SAC tried doing something similar during the 1950s and 1960s and it didn't get much traction for many reasons.
 
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SW

Administrator
Staff member
Operator
The NEWSREP article is full of rumor mill, guesses and incorrect statements. Let's cover a few:

1) EOD, SERE and Security Forces are not Battlefield Airmen.

2) If you signed up to be a PJ and are selected at A&S, you will be a PJ. Same for CCT and SR. The AFSPECWAR training wing will not yank you out of your previously assigned job and place you in one you didn't sign up for. On the other hand, the training wing is allowing candidates to swap career fields after receiving information briefings at the AFSW prep course. Additionally, they are playing around with the possibility of an 'open general' AFSW position that would allow a candidate to go into a selected position, but this has yet to materialize.

3) The proposed RQS/STS merger is not about TTP sharing. Some of the primary drivers for the proposed merger are:

-Building on the National Defense Strategy Demands (Close combat lethality in complex terrain & more)
-Creating a more lethal force; leveling strike, recovery and access mission manning and experience
-Improve readiness/tasking leveling
-Standardize requirements, sustainment, programming

4) SWS (Special Warfare Squadron) is not a thing. It's been loosely talked about in the community as a future option, but that's it. The Air Force already has SWS's; Space Warning Squadrons.

5) As for the ONE BERET bit, this is not a thing either. Just like the SWS topic, its been brought up in informal conversations as one of many future branding options.

AFSW needs to determine operationally the best way to organize, train, equip and deploy before even thinking of working on the branding portion (berets, badges, flashes, SQ names, etc). And that is info passed straight from AFSW leadership at the Pentagon.

-SW
 

Yukon

Moderator
Staff member
Operator
The SWS unit acronym is a minor internal to the Air Force inconvenience compared to operationally determining the best way to organize, train, equip and deploy as this involves all of DOD in terms of (1) the commanders of the Combat Commands determine what they expect the Air Force to provide to support their regional combat and noncombat operations and (2) the U.S. Congress controls the purse strings pertinent to funded fiscal force structure numbers and dollars being made available to the services to pay for training, flying hours, special pays, etc.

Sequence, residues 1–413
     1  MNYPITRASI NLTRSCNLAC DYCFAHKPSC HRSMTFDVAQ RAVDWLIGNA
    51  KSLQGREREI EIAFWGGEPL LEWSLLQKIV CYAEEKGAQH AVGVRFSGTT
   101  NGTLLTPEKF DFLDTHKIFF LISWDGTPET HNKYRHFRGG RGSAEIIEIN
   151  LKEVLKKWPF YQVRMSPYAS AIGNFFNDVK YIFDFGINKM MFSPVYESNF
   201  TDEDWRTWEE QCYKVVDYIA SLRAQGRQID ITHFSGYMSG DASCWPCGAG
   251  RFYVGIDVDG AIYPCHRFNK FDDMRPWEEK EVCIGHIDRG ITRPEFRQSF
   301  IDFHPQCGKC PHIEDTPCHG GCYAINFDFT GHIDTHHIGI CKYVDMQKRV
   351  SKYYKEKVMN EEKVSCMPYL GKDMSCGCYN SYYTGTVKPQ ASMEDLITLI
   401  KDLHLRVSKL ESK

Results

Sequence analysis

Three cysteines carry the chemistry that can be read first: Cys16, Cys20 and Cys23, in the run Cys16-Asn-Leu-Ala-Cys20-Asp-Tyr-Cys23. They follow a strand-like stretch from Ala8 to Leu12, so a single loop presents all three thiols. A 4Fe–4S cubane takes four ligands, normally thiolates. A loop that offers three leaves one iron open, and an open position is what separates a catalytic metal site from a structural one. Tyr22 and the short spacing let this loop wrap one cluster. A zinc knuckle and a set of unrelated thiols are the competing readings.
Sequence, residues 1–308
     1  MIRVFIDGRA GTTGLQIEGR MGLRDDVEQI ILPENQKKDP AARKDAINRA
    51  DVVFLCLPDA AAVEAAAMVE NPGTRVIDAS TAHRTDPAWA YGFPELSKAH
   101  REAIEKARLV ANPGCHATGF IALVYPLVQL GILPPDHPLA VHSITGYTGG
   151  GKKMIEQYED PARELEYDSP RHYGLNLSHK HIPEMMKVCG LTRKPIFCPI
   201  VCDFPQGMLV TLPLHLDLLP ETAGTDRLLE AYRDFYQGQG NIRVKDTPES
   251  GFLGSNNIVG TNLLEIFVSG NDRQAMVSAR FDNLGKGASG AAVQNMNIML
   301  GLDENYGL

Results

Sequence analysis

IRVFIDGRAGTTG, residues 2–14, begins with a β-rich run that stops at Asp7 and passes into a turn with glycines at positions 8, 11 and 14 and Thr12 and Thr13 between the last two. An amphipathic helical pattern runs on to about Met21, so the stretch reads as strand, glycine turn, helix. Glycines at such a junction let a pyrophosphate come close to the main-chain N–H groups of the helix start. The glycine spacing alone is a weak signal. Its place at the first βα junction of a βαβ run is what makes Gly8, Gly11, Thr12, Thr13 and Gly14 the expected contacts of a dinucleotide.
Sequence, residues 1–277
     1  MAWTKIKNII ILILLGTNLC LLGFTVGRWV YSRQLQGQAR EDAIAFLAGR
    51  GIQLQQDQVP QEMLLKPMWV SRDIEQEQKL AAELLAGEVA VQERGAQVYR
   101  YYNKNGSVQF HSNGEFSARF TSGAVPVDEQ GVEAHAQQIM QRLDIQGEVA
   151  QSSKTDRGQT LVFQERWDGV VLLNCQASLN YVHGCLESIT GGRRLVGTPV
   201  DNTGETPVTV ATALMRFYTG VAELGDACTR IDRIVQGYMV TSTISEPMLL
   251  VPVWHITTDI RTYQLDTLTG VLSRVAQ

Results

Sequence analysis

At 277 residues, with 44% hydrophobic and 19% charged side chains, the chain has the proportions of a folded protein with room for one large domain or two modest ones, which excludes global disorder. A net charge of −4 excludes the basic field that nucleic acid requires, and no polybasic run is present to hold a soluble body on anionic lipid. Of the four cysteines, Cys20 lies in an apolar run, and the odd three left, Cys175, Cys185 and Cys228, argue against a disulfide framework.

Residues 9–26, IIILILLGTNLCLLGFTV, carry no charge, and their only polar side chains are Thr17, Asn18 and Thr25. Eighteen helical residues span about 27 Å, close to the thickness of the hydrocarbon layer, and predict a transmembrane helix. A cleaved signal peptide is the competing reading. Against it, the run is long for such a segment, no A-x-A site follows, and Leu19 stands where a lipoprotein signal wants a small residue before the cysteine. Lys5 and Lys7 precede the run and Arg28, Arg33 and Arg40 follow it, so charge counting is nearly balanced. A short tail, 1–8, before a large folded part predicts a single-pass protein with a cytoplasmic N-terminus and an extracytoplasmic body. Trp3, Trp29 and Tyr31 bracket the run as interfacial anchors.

There are many tipping/tripping points the Department of the Air Force, HQ Air Force (Air Staff) and AFSOC have no this is how it will be say so control of.
 

Yukon

Moderator
Staff member
Operator
As far as US military wear of berets all the various wear introduction origins indicate World War II provided the influences. Regardless of the influences having something to do with World War II, the when origins foothold entrenchment of strong connection to specific Air Force enlisted specialties happened only after numerous events over a course of years (at least a decade) brought credit both on the reputation of the Air Force and the specific Air Force's military occupational specialty.

This foothold has become entrenched to serve as being an identity that gets noticed and gets those seeing who is wearing the beret to wonder who they are and what they do. In such a perspective the beret is a great recruitment tool to get volunteers sufficiently interested and excited to entry classify into military occupation specialties that requires the servicemember to volunteer to perform hazardous in nature duties (combat aircrew, military parachutist, combat diver).

As the repetitive year-after-year of events of doing and accomplishing contributed to the approval of such distinctive uniform, the arbitrarily changing color and beret crest to build inclusiveness of specialties being in the same career field requires building a foothold entrenchment connection equal to what it is replacing. This entrenchment building foothold of beret identity color change takes a bit more time than flipping an on-and-off switch. If it happens, it will be interesting to see how the process unfolds and how rapidly it happens.